Even worse, it’s absolute torture for the players. Players don’t play well or appreciate it when they are forced to suffer through such barbaric playing schedules.

2. Nine games of Blitz should not take 5 hours!

When you look at their blitz scheduling it’s even more laughable. For some insane reason, they decided there should be 30 minutes in between every single blitz round! With a time control of 5 2, the games should take about 10-15 minutes on average. Why in the world do they want 8 periods every single day where there is 15 minutes of nothing? What do you think your fans are going to do every time there’s nothing happening for 15 minutes?

The Ultimate Blitz Challenge, which was widely hailed as one of the most thrilling chess events in modern history, was a 3 hour show every day with nine blitz games per day. The Paris event is somehow a 5 hour show every day with nine blitz games per day. This is complete lunacy.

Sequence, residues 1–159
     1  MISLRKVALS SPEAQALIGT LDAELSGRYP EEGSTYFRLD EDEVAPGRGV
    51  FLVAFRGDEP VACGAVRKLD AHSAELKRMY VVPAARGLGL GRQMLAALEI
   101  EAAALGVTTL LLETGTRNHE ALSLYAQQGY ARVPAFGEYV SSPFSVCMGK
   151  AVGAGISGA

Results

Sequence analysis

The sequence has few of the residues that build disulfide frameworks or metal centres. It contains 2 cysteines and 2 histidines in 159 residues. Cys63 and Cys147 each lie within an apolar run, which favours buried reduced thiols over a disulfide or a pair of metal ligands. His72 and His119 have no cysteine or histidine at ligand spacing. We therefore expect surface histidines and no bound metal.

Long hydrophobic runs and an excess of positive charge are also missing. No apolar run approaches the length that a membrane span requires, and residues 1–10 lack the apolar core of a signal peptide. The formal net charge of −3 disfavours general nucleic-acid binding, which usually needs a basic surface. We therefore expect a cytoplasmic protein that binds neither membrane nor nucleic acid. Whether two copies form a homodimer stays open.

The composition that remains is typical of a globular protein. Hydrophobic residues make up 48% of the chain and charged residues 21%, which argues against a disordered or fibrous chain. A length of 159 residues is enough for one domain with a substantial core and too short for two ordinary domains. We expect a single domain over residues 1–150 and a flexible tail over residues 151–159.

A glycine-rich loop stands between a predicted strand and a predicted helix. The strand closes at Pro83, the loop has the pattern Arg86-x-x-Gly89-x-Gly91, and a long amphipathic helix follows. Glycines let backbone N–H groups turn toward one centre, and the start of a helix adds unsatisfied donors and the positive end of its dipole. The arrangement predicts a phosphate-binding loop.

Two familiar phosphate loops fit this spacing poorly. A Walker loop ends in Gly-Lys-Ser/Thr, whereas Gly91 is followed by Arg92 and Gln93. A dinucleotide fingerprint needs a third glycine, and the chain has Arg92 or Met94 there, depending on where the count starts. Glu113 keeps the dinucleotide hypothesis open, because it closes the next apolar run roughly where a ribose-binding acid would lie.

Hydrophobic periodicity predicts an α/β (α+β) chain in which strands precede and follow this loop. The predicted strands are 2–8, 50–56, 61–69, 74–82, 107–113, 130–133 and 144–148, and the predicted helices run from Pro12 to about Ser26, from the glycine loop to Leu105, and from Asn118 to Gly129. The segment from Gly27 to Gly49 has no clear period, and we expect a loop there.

What should the blitz schedule be?

5 minutes to start with a 3 second delay, just like the extremely exciting Ultimate Blitz Challenge.

How should the schedule work?

Round 1: 2:00 PM

Round 2: Begins 2-3 minutes after Game 1 ends

Round 3: Begins 2-3 minutes after Round 2 ends

10 minute break after Round 3 and then continue on.

Chess players are capable of playing blitz game after blitz game, anyone who has played chess knows this. I would argue that the long breaks actually make it more tiring for the players.

By giving this unnecessary rest time, you are severely damaging your show and you are basically begging everyone who’s watching at home: “please find something else to do, because there’s going to be no action for the next 15 minutes, and will repeat this process 8 times during the show”.